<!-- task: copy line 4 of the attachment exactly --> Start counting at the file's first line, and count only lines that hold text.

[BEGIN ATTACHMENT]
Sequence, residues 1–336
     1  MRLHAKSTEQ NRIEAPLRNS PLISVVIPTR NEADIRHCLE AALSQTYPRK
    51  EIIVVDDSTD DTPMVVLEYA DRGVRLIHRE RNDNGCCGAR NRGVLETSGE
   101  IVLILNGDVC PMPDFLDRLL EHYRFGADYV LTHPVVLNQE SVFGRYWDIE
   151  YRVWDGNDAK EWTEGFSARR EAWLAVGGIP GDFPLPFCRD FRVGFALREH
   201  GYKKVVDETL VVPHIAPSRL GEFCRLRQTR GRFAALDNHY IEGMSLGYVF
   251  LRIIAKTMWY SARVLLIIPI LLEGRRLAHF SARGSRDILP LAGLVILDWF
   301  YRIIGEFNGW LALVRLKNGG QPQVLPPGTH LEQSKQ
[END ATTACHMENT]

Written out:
   101  IVLILNGDVC PMPDFLDRLL EHYRFGADYV LTHPVVLNQE SVFGRYWDIE